"You've got to keep a cool head and never forget for even a moment exactly what it is you want to accomplish." His voice was gentle, and it held no rebuke.
"All right," said Lee unhappily, "you win. You needn't bother to rub in the salt. I was going to chase you through all the inquiry courts for this. Instead, you got a lucky break, so I can't do a thing. You ought to be tarred and feathered through every city of the Federation, but because a destroyer happened to stumble in here at the right time you'll end up a hero." Her voice caught in a sob.
"Oh, the destroyer," Marc replied. "Ah, yes, that was lucky, wasn't it? The only hitch is—there wasn't any destroyer. Probably not one within a million miles!" He laughed as Lee turned surprise-widened eyes toward him.
"What they thought was a destroyer was the radar system on the side of the rock, bouncing a signal off the moon. I gave the radar boys the word just before Mantor dropped in on us. The crew did a damned good job of juggling the power and frequency and all." He grinned. "Remind me to buy them a beer sometime."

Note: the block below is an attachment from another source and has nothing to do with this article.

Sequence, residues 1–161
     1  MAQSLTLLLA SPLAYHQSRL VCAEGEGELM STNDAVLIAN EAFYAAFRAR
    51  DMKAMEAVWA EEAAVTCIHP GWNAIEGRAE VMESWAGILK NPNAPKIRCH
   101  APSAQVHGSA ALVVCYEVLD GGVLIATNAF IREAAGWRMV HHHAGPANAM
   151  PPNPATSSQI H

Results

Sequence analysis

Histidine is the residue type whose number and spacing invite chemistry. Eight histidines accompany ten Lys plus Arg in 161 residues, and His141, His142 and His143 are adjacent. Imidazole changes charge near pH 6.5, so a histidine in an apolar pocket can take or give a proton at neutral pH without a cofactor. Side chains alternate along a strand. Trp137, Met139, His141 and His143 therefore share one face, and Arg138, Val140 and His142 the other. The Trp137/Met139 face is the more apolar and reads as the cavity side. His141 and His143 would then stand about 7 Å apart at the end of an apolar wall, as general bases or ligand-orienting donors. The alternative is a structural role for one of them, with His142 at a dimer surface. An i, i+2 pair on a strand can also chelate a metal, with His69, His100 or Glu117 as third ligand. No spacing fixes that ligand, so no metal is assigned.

He laughed then at the girl's expression as it changed from bitter disillusion to something akin to awe, close to hero-worship.
"And this, by the way," Polder said, "is as good a time as any to tell you that I'd like to see you look like a woman, for a change. How about changing into a dress before we go into town. You know, I've never seen you out of that uniform?"
She hesitated, unsure of herself now. "That will take a little time," she said doubtfully.
He put hands on her slim shoulders, gave her a gentle shove toward her quarters. "We've got time," he told her. "Lots of it. But I've been waiting quite a while."
This etext was produced from Fantastic Universe March 1954. Extensive research did not uncover any evidence that the U.S. copyright on this publication was renewed. Minor spelling and typographical errors have been corrected without note.